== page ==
Tips to make flexible working a success

Tips to make flexible working a success

Who would have thought that when we went into the initial lockdown in March 2020 that a lot of us would still be working from home a full year later? With the government's plan to lift all restrictions on June 21st a lot of us will be preparing to return to work. However, the return to work is predicted to look a lot different with flexible or home working options to be provided within some organisations.

Covid-19 changed the proception that all employees need to work in office to be productive. Early into lockdown, social media giants ‘Twitter’ announced a new ‘work from home forever’ option to their 4,000 global employees. A study by Standford showed that over a 9 month period during lockdown productivity increased by 13%. This was partly due to workers taking shorter breaks and less sick days in-turn giving them more time at their computers.

Cyber Security

Working remotely comes with its risks. With the reopening of public spaces such as Cafés and libraries there is an increased risk of employees using unsecure connections such as open WIFI with their work devices to carry out private business. Open WIFI networks can be used to harvest user data including passwords or even private customer data, man-in-the-middle attacks and even distribute malware that will infect and may even spread to other devices. A VPN can be used to help reduce the risk of unsecure networks as the VPN will encrypt the data being sent over and make it unreadable to the public network. Two factor authentication (2FA) is a great feature to use as an extra line of defence for protection over password leaks.

At the beginning of lockdown there was a mass shortage on computer components in the UK due to companies buying equipment for staff to use at home to keep operations running, for some this would have resulted in employees using personal devices to conduct work.

Bring Your Own Device (BYOD)

Throughout the pandemic we've seen a lot of hardware shortages. A combination of increased demand with people working from home, the Bitcoin boom using all the graphics cards for mining coins and the factories being shut in China. This has led to many using devices that they may have already had. The family computer, or a personal device.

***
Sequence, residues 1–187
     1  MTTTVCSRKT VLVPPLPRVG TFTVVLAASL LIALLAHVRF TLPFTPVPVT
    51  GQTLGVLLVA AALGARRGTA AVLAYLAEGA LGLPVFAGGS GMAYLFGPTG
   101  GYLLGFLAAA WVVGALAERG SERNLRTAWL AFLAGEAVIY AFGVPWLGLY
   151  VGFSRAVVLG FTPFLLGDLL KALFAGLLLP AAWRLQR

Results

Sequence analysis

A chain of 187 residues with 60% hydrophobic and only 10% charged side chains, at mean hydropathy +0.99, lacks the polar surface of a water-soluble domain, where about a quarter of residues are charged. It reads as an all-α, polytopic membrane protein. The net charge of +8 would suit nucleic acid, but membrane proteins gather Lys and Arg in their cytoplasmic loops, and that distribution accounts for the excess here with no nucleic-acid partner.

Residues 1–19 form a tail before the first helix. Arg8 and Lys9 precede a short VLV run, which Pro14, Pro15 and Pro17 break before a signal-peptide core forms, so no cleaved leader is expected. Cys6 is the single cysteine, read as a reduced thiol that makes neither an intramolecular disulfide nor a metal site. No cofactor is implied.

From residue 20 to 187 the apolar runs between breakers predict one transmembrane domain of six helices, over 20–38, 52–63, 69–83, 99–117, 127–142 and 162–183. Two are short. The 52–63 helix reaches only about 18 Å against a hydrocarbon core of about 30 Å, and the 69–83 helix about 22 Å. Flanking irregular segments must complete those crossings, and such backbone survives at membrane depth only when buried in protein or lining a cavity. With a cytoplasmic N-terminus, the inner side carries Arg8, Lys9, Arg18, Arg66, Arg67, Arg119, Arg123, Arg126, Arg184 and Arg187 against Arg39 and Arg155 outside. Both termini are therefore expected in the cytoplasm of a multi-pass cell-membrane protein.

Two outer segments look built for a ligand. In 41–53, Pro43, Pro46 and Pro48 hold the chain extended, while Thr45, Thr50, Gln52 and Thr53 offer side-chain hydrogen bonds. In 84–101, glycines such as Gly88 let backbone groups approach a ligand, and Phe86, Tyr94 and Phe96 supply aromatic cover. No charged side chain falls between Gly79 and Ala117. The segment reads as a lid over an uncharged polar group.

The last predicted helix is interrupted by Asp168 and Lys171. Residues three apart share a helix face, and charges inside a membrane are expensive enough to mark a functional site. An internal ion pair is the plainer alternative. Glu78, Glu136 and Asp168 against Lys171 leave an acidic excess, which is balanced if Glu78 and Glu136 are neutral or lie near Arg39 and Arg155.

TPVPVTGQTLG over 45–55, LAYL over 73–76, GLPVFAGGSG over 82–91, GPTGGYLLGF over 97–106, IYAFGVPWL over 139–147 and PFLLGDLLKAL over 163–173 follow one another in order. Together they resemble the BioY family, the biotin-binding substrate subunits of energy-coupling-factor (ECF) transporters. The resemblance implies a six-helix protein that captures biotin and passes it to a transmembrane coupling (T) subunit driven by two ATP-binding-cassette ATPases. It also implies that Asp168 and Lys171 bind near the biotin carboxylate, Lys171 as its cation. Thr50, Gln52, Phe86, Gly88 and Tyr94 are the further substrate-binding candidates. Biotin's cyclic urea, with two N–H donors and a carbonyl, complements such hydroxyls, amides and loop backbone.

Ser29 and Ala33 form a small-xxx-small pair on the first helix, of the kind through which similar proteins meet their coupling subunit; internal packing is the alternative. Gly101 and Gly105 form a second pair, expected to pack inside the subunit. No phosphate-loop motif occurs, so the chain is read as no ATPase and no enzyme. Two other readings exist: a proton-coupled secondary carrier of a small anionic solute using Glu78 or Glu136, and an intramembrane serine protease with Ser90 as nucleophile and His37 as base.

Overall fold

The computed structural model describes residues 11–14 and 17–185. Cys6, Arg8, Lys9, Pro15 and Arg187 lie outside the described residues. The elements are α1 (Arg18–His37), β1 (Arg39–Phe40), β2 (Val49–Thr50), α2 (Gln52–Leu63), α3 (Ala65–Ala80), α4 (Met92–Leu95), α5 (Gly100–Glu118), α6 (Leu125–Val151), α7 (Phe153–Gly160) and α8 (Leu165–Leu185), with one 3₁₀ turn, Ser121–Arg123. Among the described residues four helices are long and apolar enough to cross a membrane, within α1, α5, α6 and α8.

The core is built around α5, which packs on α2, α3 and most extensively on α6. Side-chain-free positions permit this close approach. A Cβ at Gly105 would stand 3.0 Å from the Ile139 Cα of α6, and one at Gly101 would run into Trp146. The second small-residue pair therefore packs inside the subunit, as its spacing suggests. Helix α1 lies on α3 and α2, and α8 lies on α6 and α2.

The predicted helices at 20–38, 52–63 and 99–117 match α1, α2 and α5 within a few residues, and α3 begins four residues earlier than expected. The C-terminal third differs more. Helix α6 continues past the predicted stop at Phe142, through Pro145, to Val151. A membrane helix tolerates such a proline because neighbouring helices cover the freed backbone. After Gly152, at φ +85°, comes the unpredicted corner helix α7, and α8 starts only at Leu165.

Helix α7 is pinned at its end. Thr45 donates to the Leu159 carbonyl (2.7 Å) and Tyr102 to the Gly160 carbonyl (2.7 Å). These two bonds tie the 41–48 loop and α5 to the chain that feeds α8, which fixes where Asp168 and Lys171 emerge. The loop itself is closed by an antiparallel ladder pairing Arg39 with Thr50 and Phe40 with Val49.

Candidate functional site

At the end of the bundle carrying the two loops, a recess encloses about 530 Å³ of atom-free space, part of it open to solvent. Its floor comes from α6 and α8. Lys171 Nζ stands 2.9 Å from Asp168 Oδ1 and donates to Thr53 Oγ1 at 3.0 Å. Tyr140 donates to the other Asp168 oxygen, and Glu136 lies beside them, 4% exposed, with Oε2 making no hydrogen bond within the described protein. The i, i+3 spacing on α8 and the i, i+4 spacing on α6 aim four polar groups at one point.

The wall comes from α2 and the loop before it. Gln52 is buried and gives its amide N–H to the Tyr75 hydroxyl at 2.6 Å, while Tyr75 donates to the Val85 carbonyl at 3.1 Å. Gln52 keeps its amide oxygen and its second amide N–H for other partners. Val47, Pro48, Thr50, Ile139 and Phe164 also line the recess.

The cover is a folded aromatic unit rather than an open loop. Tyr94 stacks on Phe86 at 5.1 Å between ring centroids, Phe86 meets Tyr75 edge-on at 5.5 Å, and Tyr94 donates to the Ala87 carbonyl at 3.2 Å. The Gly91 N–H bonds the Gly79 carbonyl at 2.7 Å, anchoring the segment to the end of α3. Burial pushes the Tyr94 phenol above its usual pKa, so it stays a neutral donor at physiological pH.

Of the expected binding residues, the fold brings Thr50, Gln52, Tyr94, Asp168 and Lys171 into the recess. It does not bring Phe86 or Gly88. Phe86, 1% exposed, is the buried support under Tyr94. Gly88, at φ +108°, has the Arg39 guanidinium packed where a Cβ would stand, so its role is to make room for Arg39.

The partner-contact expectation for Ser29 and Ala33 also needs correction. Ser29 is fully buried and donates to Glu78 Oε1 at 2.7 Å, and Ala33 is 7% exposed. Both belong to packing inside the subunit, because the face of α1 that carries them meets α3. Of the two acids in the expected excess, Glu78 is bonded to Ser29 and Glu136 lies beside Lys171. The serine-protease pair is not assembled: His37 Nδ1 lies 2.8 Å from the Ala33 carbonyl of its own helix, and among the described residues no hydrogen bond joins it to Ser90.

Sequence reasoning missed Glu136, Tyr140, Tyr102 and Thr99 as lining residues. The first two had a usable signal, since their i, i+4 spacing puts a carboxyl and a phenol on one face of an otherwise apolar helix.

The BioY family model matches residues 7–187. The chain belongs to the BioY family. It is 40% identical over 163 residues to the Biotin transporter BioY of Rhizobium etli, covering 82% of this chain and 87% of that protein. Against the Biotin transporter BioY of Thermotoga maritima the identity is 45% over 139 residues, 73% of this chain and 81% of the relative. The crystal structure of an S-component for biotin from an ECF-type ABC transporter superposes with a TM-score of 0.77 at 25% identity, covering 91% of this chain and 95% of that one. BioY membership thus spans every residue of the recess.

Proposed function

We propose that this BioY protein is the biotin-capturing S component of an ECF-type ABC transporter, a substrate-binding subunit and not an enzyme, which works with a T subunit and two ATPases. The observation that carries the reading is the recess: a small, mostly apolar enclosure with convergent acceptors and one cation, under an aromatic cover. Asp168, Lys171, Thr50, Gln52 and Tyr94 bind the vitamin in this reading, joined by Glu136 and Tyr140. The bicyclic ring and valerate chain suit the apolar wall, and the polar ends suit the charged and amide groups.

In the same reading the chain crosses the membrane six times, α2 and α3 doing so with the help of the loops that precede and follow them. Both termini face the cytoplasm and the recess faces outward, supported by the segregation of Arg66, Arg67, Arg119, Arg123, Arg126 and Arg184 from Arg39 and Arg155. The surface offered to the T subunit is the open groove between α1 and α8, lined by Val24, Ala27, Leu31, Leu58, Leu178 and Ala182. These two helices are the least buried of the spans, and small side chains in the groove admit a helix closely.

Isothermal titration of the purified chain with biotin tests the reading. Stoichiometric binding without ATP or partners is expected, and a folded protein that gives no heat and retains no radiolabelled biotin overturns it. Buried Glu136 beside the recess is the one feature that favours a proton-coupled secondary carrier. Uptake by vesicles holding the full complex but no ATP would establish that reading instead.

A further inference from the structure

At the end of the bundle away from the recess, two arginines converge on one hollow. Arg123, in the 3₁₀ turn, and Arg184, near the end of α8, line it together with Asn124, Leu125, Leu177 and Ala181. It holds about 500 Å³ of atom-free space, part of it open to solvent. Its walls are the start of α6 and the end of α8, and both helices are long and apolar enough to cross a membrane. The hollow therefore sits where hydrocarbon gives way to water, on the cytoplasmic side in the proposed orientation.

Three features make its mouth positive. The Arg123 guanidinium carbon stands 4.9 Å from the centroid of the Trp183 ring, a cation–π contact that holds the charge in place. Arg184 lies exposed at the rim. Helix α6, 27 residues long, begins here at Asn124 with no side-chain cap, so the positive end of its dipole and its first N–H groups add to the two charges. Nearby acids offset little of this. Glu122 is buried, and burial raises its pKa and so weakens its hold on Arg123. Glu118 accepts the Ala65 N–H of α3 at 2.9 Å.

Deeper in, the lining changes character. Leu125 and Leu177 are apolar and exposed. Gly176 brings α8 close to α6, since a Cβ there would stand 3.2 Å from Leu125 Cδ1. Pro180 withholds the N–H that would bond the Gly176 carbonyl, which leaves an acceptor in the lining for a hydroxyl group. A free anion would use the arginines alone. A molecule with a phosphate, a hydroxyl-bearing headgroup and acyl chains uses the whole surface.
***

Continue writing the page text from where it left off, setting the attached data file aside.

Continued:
While this has meant they can continue to work, as we look to ensure flexible working is a success long term, we need to consider if it is still the best approach.

You can still continue to allow employees to use their own devices but you need to be sure that they have the correct cyber security protections in place.

You can do this with a BYOD policy that states that personal devices may only be used for business use if they adhere to set configurations with your security software installed.

The best way is company owned devices. You retain full control and they're monitored by IT departments or third parties to look for any suspicious activity or fix any vulnerabilities with updates, you will also know they're protected if they're lost. 


While out of the office, you loose the protection from cyber crime of "does this email look a bit weird?" or "did you just get an email from the boss?". When at home users are less likely to spot cyber attacks.

You can combat this with structured, regular training, with examples of the latest threats so that staff are aware and can report attempted attacks.

You should also test your staff with dummy phishing attacks so that you can see if users are reporting attempts, or if they're clicking and happily giving away their passwords!

Health and Safety

While working from home it's still important to assess the health and safety of your employees working conditions.

  • Are they working in a suitable space?
  • Is it safe?
  • Do they have the right equipment?
  • Is their chair suitable?
  • Is the screen at an appropriate height?

Just because they're out of the office you still have a responsibility to their safety.

Businesses should incorporate companywide policies that ensure the right safety measures are carried out to allow for remote working.

Communication and Mental Health

You should also consider the mental health aspects. Working from home may mean less contact with other people, consider setting up a conference all over lunch and be sure to check on each other.

At ATG we have a wellbeing huddle every Monday morning, where we catch up on what's happening in peoples lives and what they did on the weekend. Granted during lockdown they were boring some weeks. Nobody wants to go back to Paul going through his Maglite collection again!

We also have daily huddles where everyone talks through what they did yesterday, what's happening today and any barriers. We have done this in person for several years but keeping this through remote working has made a huge difference to team communication and well being.

As well as huddles be sure to check on induvial regularly. Social events are a useful exercise to increase the team's moral, with lockdown restrictions easing more social events can happen in-person such as meals or sports but lockdown has showed us that social events can also be held online remotely with activities such as quizzes or even online escape rooms.

Is Flexible the Future?

There are many positive and negatives to working from home, and in the office. Some find it more productive at home, others find the distractions too much. No commute is great for some, others prefer it to switch off.

100% home working probably wont work for most businesses or employees, but if the last year has taught us anything its that businesses can give employees more flexibility. With the right, people, process and technology to help we certainly think the future looks flexible.